‘The Americans have settled in the region and any pullout of US military bases will be a lengthy and gradual process,’ says Arkadiy Dubnov, international observer of the Russian ‘Vremya Novostey’ newspaper.

‘The US incursion into Afghanistan has given an opportunity for Central Asian countries to feel confident that there is no threat to their independence, Arkadiy Dubnov said.

‘Realistically, most of these countries can be considered as failed states. Having come to the region, the USA counterbalanced Russia’s overwhelming influence.

‘It is not for nothing that following the launch of the Operation Enduring Freedom talks started emerging about a new “great game’’ around Afghanistan, which should result in the loss of Russia’s influence in Central Asia.

‘Kyrgyzstan and Uzbekistan are gaining key benefits from the West’s military operations in Afghanistan.
‘Kyrgyzstan receives substantial financial support from the USA. In addition, the Manas air base in Bishkek has been turned into a transit shipment centre.

‘Uzbekistan has gained an opportunity to build the first railway in Afghanistan from Mazar-e Sharif to Hayratan in northern Balkh Province, bordering Uzbekistan, thanks to loans from the Asian Development Bank, as well as to upgrade power transmission systems in view of an increase in the sale of electricity to Afghanistan.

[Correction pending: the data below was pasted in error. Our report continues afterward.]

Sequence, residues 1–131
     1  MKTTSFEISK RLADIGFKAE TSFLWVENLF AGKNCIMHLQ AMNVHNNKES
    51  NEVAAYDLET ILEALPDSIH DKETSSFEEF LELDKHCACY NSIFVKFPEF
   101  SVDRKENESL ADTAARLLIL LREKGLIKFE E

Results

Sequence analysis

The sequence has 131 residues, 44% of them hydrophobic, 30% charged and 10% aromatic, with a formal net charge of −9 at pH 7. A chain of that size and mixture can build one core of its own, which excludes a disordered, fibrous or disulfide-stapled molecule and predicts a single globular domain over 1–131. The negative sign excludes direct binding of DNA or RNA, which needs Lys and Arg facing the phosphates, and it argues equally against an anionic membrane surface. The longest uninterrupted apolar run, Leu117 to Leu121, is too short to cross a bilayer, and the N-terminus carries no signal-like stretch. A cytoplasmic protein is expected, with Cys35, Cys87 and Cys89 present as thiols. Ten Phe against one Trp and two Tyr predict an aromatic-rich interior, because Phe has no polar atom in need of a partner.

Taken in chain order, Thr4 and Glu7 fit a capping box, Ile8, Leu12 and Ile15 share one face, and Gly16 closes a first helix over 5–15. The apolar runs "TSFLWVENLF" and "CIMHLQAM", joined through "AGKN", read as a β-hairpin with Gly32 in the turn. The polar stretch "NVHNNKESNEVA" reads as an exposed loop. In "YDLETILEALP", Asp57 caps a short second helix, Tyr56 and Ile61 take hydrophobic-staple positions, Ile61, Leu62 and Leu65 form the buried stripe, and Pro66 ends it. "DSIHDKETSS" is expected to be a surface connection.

‘Tajikistan is also benefiting from Afghan operations. Several bridges across the River Panj were built on the border with Afghanistan with the USA’s backing. Dushanbe feels more confident in mutual relations with Moscow, firmly demanding payment for the presence of a Russian military base in its territory.

‘Over the past few years, the rulers of Central Asian governments, from all appearances, have stopped fearing for their posts and being afraid of “colour revolutions” that, they believe, are organised by the West.

‘The leaderships are certain that the strategy of the West, which is interested in the success of the Afghan operations, boils down to maintaining stability in the region at any cost, even at the cost of suppressing democratic freedom. This allows the authorities to pull out all the stops in order to preserve their power.’

Answering a question as to how Moscow feels about the USA’s presence in the region, Dubnov said: ‘It is quite painful. Russia considers every success of ISAF and the USA in Afghanistan as its own defeat.
‘Moscow believes that the US presence in the region is a loss for Russia.

‘However, Moscow started worrying as serious talks started over the fact that the USA may leave Afghanistan. Russia’s representative to NATO, Dmitriy Rogozin, already states that this would be “a disaster’’.’

‘I do not think so, as the USA is resolving its own problems in Afghanistan. This is the reason, above all, for its presence in the region, not rivalry with Russia.’